Ilya Serman’s paper deals with the artistic refractions of ideological issues in three major Russian literary works written in the same year, 1868. In response to the stern hagiographical image of Rachmetov in Chernyshevsky’s What Is to Be Done?, the three works -- Dostoevsky’s The Idiot, the final installments of Leo Tolstoy’s War and Peace, and Alexey K. Tolstoy’s play Tsar Fedor Ioannovich -- create their own versions of what Dostoevsky called “the positively beautiful human being,” versions in which the saintly opposition to mundane or hegemonic values is combined with a restrained comicality that both invites and distances the sympathy of the reader.

            Yael Levin’s paper shows the ways in which the topos of Pompeii, standing for an object that is both present, absent, and longed for -- one that mediates between desire and consummation -- functions in the systems of significance created in Joseph Conrad’s The Arrow of Gold, Sigmund Freud’s “Jensen’s Gradiva,” and Jacques Derrida’s Archive Fever.

            Yehiel Szeintuch’s discussion of the salamander topos in an eponymous 1945 poem and in the 1945/1946 Holocaust novel by Israeli writer Ka-Tzetnik (the photographically reproduced Yiddish manuscript of the poem is published here for the first time) comes full circle to the concern with retaliation. The battle cry “hurrah” with which the salamander, the symbol of a Holocaust survivor, emerges from the flames is here interpreted as a call for literary retaliation as the absolute ethical imperative of the witness. In connection with the issues raised in Rojtman’s paper, it may be noted that Ka-Tzetnik opposed Israel’s acceptance of monetary compensation from post-war Germany.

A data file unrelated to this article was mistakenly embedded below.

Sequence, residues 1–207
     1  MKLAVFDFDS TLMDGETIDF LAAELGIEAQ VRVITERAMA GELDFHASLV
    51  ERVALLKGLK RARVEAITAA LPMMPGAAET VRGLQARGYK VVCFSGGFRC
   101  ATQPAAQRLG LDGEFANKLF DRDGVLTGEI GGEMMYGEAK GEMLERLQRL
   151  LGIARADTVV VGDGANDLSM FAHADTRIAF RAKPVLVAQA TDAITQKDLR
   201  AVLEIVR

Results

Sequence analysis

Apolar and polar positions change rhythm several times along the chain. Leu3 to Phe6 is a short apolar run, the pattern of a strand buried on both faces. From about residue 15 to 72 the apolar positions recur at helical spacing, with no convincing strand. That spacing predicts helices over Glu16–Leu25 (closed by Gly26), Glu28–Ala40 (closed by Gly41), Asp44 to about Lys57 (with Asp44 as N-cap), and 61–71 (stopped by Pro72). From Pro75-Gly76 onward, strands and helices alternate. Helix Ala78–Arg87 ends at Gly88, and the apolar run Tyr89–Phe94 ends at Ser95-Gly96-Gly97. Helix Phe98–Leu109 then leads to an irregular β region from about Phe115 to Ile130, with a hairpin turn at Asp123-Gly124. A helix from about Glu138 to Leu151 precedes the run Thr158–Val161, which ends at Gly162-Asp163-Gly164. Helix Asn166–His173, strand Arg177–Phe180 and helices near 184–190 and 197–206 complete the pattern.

Finally, Richard Freadman’s “Recognition and Autobiography” is devoted to the issue of recognition and acceptance in Rose Boys, the 2001 autobiography of the Australian poet Peter Rose, a work that focuses on the author’s relationship with his elder brother, the athlete Robert Rose, who was left quadriplegic after a 1974 car accident. Tracing the conceptual continuum between Ludwig Wittgenstein’s predominantly cognitive use of the concept of recognition and the predominantly ethical significance of this term in the work of Charles Taylor, the essay demonstrates the centrality of recognition in the ethical shifts undergone by the two scions of an athletic dynasty, a homosexual poet and a disabled champion.        

            The literary works dealt with in the seven papers are, to a large extent, narrative explorations of the availability of conflict resolution. The journal’s next Call for Papers is “Narrative as a Way of Thinking.”



The Metaphor of Talion
Betty Rojtman   (Volume 3, Number 1, January 2005) : 1-18
Literature and Ideology

Faith and Narrative : A Reading of The Franklin's Tale
Edmond Wright   (Volume 3, Number 1, January 2005) : 19-42
Then and Now

Early Ramifications of Theatrical Iconoclasm : The Conversion of Catholic Biblical Plays into Protestant Drama
Dalia Ben-Tsur   (Volume 3, Number 1, January 2005) : 43-56
Literature and Ideology

Russian Literature of 1868 : In Search of a Positively Beautiful Person
Ilya Serman   (Volume 3, Number 1, January 2005) : 57-80
Literature and Ideology

Conrad, Freud and Derrida on Pompeii : A Paradigm of Disappearance
Yael Levin   (Volume 3, Number 1, January 2005) : 81-99

The Myth of the Salamander in the Works of Ka-Tzetnik
Yehiel Szeintuch   (Volume 3, Number 1, January 2005) : 101-32

Recognition and Autobiography
Richard Freadman   (Volume 3, Number 1, January 2005) : 133-61
Literature and Ideology

Fiction’s Overcoat: Russian Literary Culture and the Question of Philosophy, by Edith W. Clowes
Julian Connolly   (Volume 3, Number 1, January 2005) : 163-68
Book review

Reading the Body in Eighteenth-Century Novel, by Juliet McMaster
Yael Shapira   (Volume 3, Number 1, January 2005) : 168-73
Book review

Interactive Fictions: Scenes of Storytelling in the Novel, by Yael Halevi-Wise
Matt DelConte   (Volume 3, Number 1, January 2005) : 173-77
Book review
 All Rights Reserved to The Hebrew University of Jerusalem- Partial Answers © 2004. Powered By Priza

The Johns Hopkins University Press